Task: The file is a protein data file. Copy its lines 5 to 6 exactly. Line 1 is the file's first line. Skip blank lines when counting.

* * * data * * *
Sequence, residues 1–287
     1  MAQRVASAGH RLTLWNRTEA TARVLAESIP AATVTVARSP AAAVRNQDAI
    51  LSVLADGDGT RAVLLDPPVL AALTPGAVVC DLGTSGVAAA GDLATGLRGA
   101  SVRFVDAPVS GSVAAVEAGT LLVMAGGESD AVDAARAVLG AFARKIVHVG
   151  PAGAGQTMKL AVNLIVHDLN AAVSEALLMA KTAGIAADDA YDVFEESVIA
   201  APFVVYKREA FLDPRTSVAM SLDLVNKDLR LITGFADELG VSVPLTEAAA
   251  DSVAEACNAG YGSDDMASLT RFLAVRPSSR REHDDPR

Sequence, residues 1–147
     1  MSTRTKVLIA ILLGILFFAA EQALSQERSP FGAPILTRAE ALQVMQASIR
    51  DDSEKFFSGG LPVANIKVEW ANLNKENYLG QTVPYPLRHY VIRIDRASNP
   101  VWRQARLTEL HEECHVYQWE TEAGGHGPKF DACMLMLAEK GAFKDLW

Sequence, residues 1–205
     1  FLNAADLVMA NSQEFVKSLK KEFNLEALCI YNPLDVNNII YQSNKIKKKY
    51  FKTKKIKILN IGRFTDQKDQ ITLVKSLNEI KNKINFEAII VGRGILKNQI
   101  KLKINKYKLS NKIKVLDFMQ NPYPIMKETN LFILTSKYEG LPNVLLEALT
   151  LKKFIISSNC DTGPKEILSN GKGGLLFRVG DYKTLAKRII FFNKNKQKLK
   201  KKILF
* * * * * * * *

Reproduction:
   151  PAGAGQTMKL AVNLIVHDLN AAVSEALLMA KTAGIAADDA YDVFEESVIA
   201  APFVVYKREA FLDPRTSVAM SLDLVNKDLR LITGFADELG VSVPLTEAAA